Women less likely to go to rehab without support

Cardiac rehab a low priority for many

Women are busy working, washing, cooking, and cleaning. They take care of everyone around them before they take care of themselves. They have strong needs for social support. And they frequently have no idea they are at risk for heart disease.

Add all those components together, and you have the perfect recipe for a population that is not always well-served in cardiac rehab programs. "Women with heart disease often return to a home where the demands upon them do not change," says Charles Emery, PhD, associate professor of psychology at The Ohio State University in Columbus. "It’s very different from what men experience with that same diagnosis. That sounds stereotypical, but it’s often true that people at home become more supportive when a man has a heart attack. For women, there is often a lack of recognition on the part of the people around them."

Emery recently presented the results of a study on gender differences in quality of life among cardiac patients to a meeting of the Washington, DC-based American Psychological Association. The study of 536 Ohio State University Medical Center patients with a variety of heart problems found that heart disease takes a greater toll on quality of life in women than it does in men. Women reported poorer physical and psychological functioning than did men immediately after hospital treatment and for a year following.

"For women, lower quality of life was associated with feeling they didn’t have enough support from friends and family, but levels of social support did not influence psychological functioning among men," Emery says. "In cardiac rehab, the way we treat women is the same way we treat men. We don’t recognize that they have different needs."

Ongoing support needed

Emery and his colleagues provide monthly stress management classes for cardiac rehab patients, and they encourage rehab staff to refer patients to them for counseling when needed. Patients are given questionnaires to fill out, and if they report any type of emotional distress, they are referred to the psychology staff. But more could be done at Ohio State and in rehab programs across the country, he says.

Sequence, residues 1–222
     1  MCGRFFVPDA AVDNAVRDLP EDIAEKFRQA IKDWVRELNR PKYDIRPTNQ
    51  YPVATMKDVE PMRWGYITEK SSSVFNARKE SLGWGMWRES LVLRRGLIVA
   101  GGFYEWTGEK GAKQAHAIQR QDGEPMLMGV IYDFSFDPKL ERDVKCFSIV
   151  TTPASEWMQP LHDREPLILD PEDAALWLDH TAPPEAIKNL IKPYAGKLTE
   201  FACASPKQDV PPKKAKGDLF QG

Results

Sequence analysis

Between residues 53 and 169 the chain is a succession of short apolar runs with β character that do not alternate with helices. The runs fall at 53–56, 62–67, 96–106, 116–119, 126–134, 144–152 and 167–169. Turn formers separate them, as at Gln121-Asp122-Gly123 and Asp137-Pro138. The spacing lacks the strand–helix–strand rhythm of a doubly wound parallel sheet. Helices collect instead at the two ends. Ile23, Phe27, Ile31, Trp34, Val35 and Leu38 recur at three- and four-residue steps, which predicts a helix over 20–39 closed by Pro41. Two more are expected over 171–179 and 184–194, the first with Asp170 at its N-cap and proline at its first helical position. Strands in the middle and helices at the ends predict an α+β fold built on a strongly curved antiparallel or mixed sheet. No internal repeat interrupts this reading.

"There is no ongoing degree of social support built into the rehab system," Emery says. "Certainly in other patient populations, such as women with breast cancer, we have seen the benefits of group therapy. But it typically hasn’t been done in women with heart disease. In standard cardiology practice there hasn’t been a focus on longer-term care and rehabilitation. We need to pay more attention to that aspect of treatment."

The best and most cost-effective way to address women’s psychosocial needs in rehab is to develop support groups, Emery says. They don’t have to be formal, and they don’t have to be led by rehab staff. Patient-led groups can create both a sense of belonging and a sense of responsibility to the program. The need also could be addressed through an informal buddy system in which a long-time patient mentors a new one.

"The staff is overworked most of the time. We have to find a way to get patients to help each other and let the staff serve as a resource," Emery says. "The patients who stick with rehab are the ones who connect with other patients and staff and who feel a sense of belonging."

Family needs often come first

Part of encouraging that sense of belonging may lie in staff recognition of the difficulties women face, says Amy Eyler, PhD, assistant professor of community health at St. Louis University School of Public Health. Eyler is editor of a book, Environmental Policy and Cultural Factors Related to Physical Activity in a Diverse Sample of Women (Haworth Press, 2002), that explores why women exercise less than men. The book consists of seven research studies funded by the Centers for Disease Control and Prevention and the Robert Wood Johnson Foundation as part of the Women’s Cardiovascular Health Network.

"Women were so adamant about their social roles," Eyler says. "They said they just don’t have time to exercise. We heard it loud and clear: They said, We’re too busy and it’s not a priority.’ They feel guilty about taking time away from their duties."

While women across cultures mentioned feeling guilty about exercising and lacking social support for the activity, there were differing explanations for lack of physical activity among some groups:

  • African American women said they feel it is more culturally acceptable for them to be heavier than Caucasian women.
  • American Indian women said their communities often frowned upon women who did "purposeful exercise" rather than chores.
  • Latina immigrants mentioned not speaking English and a lack of confidence as barriers.

Eyler suggests that cardiac rehab programs emphasize the idea that women who take care of their health will be able to take better care of their families. She recommends being aware of the lack of confidence older women who have never exercised may feel. "My mother is 72 and went through cardiac rehab, and just the idea of putting shorts on was really hard for her," Eyler says.

Need More Information?
  • Charles Emery, PhD, Associate Professor of Psychology, The Ohio State University, 1885 Neil Ave., Columbus, OH 43210. Telephone: (614) 688-3061. E-mail: Emery.33@osu.edu.
  • Amy Eyler, PhD, St. Louis University School of Public Health, 3545 Lafayette Ave., St. Louis, MO 63104. E-mail: eyleras@accessus.net.